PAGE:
But there are those times when he has the kind of backbone every other politician lacks. It was Erdoğan after all who put the power of the Turkish state at the disposal of the flotilla sent to Gaza. He has also threatened to send Turkish warships to defend the next flotilla, although I suspect that this is bluster more than anything. But if he did, what would we make of that? How can someone be on the side of the angels (Hamas) and the devil (IS) at the same time—leaving aside the question of whether he ever had much to do with that gang?
On August 22, 2013 the Financial Times printed a letter that served as a cautionary note against oversimplifying the Middle East:
A short guide to the Middle East
Sir, Iran is backing Assad. Gulf states are against Assad!
Assad is against Muslim Brotherhood. Muslim Brotherhood and Obama are against General Sisi.
But Gulf states are pro Sisi! Which means they are against Muslim Brotherhood!
Iran is pro Hamas, but Hamas is backing Muslim Brotherhood!
Obama is backing Muslim Brotherhood, yet Hamas is against the US!
Gulf states are pro US. But Turkey is with Gulf states against Assad; yet Turkey is pro Muslim Brotherhood against General Sisi. And General Sisi is being backed by the Gulf states!
Welcome to the Middle East and have a nice day.
K N Al-Sabah, London EC4, UK
That letter prompted the blogger Big Pharaoh to diagram the relationships:
If anything, the letter and the diagram are out of date. To keep track of the latest developments, you’d need a super-computer of the sort that the NSA uses to snoop on our email. But this matters little to people who are bent on dividing the world into two spheres, which are not only mutually exclusive but a taxonomic guide to determining where a government or armed movement fall in terms of their historical role.
For much of the left, there is a driving compulsion to reduce world politics to a binary opposition between Good and Evil. It is understandable why they would do this since the Cold War shaped our consciousness for 45 years until the end of the Soviet bloc and even continues to do so in a rather problematic way. In 1971, when I was a member of the Trotskyist movement, we condemned the Kremlin for doling out aid to the Vietnamese as from an eyedropper as we used to put it but at the same time understood that Soviet aid was critical.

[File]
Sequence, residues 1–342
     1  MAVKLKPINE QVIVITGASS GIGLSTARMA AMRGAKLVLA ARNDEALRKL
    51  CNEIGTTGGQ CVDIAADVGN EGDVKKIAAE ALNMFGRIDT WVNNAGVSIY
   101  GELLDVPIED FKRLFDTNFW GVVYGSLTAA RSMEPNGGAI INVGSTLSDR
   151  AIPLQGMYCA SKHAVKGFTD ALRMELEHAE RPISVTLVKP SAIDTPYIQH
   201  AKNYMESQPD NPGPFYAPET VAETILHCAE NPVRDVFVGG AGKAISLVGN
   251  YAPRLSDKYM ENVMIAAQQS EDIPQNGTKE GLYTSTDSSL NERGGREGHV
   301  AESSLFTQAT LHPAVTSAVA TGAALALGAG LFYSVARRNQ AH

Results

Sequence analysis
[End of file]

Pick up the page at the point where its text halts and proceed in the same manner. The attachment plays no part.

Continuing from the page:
Now in 2014 the left carries on as if Putin was Brezhnev and Assad was Ho Chi Minh. Just as long as the USA is still the “evil empire”, syllogistic reasoning will prevail. 1) The United States is the evil empire; 2) The United States supports the Syrian rebels (whether or not that is true); 3) Therefore, the Syrian rebels are part of the evil empire.
So what’s going on here? I have been critical of Trotsky’s adoption of Zinovievist organizational principles that have had a baleful effect on the revolutionary movement even to the current day, but I find myself coming back to his writings when it comes to the question of dialectics.
Oddly enough, the failure to see world politics dialectically was a failing of both James Burnham and the “anti-imperialist” left today. Marx transformed Hegelian dialectics into an instrument of revolutionary analysis. In almost every major watershed debate on the left, there has been a need to return to dialectics in order for the debate to receive a proper resolution. In Trotsky’s day, the fundamental difference was over the Soviet Union that Trotsky ultimately refused to identify as “socialist”. Whenever I ran into syllogistic attempts to define the USSR over the years, I always came back to how Trotsky put it when challenged to subsume it under fixed categories: “Doctrinaires will doubtless not be satisfied with this hypothetical definition. They would like categorical formulae: yes – yes, and no – no. Sociological problems would certainly be simpler, if social phenomena had always a finished character. There is nothing more dangerous, however, than to throw out of reality, for the sake of logical completeness, elements which today violate your scheme and tomorrow may wholly overturn it.”
That would certainly apply to the Middle East today: “There is nothing more dangerous, however, than to throw out of reality, for the sake of logical completeness, elements which today violate your scheme and tomorrow may wholly overturn it.” Trotsky was referring to the Soviet Union, a society that incorporated some of the most retrograde political aspects that on the surface resembled fascism with some of the most progressive, including a planned economy. For the foreseeable future, the Middle East will have many contradictory aspects that will make the USSR look like a grade school exercise by comparison. It will continue to perplex some for being a backdrop for a religious zealotry that can cut both ways. It can serve rulers who seek to reinforce their rule through the authoritarian use of the Qur’an as it also serves the fighting spirit of men and women determined to put an end to authoritarian rule. It would be best in some ways that religion played less of a rule, thus allowing class divisions to become more transparent. But we have to start with reality, not wishes—at least if we want to influence the course of historical events.